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Part IA

Marking and Classing

The following marking scheme has been approved by the Committee of Management for the Natural Sciences Tripos.

Introduction

Examiners are nominated by the various Faculties and Departments who contribute to teaching on the Tripos and are formally appointed by the General Board. In each subject, there is a Senior Examiner and other appointed Examiners and Assessors who are responsible for setting the papers and marking the scripts. There is also a Chairman of Examiners who, along with the Senior Examiners, assigns classes to candidates and produces the class list and final markbooks.

Marks from individual subjects

In each subject, the Examiners produce a mark out of 100 for each candidate. (For Mathematics and Mathematical Biology, these marks are subsequently scaled to be out of 75 by the Chairman to produce an aggregate mark for the Tripos as a whole; for Elementary Mathematics for Biologists, the marks are subsequently scaled to be out of 70, implying a five-mark penalty against these candidates.)

For many subjects, the final mark will consist of a component from written papers and a component from continually assessed work or written practical examination. The marks for these two components are also submitted separately; they should add up to the total mark and it should be made clear how marks out of 100 are allocated to each component.

Marks for each subject are norm-referenced for candidates sitting that subject. The marks are scaled such that:

  • 25% of candidates achieve a mark of 70.0-100.0
  • 65% of candidates achieve a mark of 50.0-69.9
  • 10% of candidates achieve a mark of 0-49.9

A fail is thought of as 40.0 marks and below; note, however, that in Part IA of the NST a failure in a single subject is of no particular consequence other than the low mark.

Experience indicates that large subjects (those with, say, more than 150 candidates) should have no difficulty reaching these targets to within a few percent. Smaller subjects are not expected to hit these targets so closely.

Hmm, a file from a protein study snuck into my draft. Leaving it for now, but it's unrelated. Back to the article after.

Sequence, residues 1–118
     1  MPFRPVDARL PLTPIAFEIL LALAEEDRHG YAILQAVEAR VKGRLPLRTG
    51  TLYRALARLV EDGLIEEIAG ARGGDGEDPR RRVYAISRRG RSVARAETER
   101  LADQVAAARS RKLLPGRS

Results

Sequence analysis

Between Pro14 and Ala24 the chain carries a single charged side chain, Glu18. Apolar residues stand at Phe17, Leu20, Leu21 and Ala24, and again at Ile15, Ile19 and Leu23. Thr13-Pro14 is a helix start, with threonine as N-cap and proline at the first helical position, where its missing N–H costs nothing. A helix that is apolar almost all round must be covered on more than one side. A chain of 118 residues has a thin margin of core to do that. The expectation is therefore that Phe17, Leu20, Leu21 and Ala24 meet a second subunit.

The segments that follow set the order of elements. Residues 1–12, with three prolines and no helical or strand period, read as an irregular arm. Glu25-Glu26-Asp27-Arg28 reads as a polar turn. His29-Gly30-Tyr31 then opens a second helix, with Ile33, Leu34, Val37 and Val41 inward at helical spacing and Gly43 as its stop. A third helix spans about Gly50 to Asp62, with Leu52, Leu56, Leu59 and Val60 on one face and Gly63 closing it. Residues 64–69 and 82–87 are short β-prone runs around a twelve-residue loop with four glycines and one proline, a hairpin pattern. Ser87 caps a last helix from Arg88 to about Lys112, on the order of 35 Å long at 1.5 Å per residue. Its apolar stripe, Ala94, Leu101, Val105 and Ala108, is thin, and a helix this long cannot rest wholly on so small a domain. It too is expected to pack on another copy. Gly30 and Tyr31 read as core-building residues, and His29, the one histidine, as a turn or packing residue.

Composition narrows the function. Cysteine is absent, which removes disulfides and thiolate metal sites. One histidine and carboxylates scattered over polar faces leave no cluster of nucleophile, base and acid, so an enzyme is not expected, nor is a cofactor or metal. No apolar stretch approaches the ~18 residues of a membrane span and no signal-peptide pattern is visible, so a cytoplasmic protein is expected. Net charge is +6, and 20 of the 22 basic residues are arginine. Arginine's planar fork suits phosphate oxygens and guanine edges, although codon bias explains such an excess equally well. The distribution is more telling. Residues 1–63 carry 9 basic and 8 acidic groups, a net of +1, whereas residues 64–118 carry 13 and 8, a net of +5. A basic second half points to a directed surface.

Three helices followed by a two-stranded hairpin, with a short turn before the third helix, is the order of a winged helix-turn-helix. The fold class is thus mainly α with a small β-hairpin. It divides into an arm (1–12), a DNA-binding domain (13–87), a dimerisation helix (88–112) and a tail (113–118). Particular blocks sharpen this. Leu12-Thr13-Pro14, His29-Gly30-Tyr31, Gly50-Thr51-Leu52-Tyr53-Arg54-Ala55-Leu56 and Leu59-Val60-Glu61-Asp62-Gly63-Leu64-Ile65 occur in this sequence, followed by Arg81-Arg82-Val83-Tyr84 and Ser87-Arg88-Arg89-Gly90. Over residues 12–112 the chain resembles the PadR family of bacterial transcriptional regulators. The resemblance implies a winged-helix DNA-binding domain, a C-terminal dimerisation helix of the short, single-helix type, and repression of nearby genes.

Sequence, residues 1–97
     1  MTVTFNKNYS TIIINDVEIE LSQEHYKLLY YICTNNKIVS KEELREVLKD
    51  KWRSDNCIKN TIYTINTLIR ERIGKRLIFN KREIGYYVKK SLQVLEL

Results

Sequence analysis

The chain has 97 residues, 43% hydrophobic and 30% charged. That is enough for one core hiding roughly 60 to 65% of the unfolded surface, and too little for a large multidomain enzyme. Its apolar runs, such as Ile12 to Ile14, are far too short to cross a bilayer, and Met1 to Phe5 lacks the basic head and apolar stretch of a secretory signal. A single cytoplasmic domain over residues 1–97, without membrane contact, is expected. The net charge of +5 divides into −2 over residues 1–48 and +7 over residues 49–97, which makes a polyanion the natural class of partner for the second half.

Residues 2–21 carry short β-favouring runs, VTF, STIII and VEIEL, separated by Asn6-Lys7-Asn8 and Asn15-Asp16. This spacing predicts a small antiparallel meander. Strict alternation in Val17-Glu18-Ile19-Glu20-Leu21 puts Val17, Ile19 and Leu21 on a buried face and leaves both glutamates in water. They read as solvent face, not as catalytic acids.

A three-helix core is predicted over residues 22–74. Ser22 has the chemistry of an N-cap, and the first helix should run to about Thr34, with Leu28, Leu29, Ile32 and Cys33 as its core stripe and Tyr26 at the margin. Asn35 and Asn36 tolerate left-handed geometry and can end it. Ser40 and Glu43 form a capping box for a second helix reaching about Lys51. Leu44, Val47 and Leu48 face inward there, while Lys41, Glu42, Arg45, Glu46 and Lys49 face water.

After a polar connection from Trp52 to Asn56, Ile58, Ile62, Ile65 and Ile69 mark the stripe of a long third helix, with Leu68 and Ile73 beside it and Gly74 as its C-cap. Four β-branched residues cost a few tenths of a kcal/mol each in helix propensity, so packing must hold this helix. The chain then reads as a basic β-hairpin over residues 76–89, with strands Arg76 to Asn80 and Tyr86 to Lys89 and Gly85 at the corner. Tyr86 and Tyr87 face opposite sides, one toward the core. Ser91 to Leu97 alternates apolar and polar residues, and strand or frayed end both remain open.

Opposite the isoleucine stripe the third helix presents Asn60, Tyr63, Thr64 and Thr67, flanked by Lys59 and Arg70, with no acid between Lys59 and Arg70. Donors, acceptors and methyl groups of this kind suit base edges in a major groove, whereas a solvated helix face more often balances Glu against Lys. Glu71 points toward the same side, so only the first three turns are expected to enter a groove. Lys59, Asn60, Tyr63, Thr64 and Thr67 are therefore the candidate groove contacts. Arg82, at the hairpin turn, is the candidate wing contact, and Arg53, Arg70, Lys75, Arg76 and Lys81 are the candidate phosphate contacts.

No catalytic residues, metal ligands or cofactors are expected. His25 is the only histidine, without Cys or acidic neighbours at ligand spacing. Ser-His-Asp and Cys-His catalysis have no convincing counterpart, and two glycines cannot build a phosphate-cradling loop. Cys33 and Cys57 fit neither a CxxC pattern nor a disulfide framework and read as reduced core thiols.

Examiners should use their discretion over the 10% target for the bottom section of the ranking category. Experience is that the numbers who can reasonably be placed in this band do tend to vary very much from year to year, even in large subjects.

If a Senior Examiner feels that there are compelling reasons to deviate from these targets he or she must discuss this with the Chairman of Examiners well in advance of the final meeting.

Submitting marks

The final (aggregate) mark will be expressed as an integer in the final markbook, but as there may be intermediate stages of manipulation it is required that marks from individual subjects be submitted rounded to one decimal place.

Classing procedure

The marks for each subject are summed to produce an aggregate mark for the Tripos (out of 375). The aggregate mark is rounded to the nearest integer (for example, 245.4 becomes 245 and 245.5 becomes 246) and is then used by the Senior Examiners to determine an order-of-merit for the field of candidates, who are then assigned classes for the Tripos such that:

  • 25% of candidates for the Tripos achieve a 1st class
  • 67.5% of candidates for the Tripos achieve a 2nd class
  • 7.5% of candidates for the Tripos achieve a 3rd class or fail.

The order-of-merit compiled by the Examiners is used as a tool to aid them in determining the overall performance of candidates. It is not meant as a firm indicator of any individual candidate's relative standing in the field.

Small deviations from these percentages may be justified (especially in the 3rd class and fail categories) depending on the field of candidates.

Candidates who achieve 149 or less marks out of the maximum 375 will not necessarily be awarded honours, although this will be a decision of the Examiners.

The final boundary marks used and the number of candidates in each class are included in the final markbook which is sent to Colleges.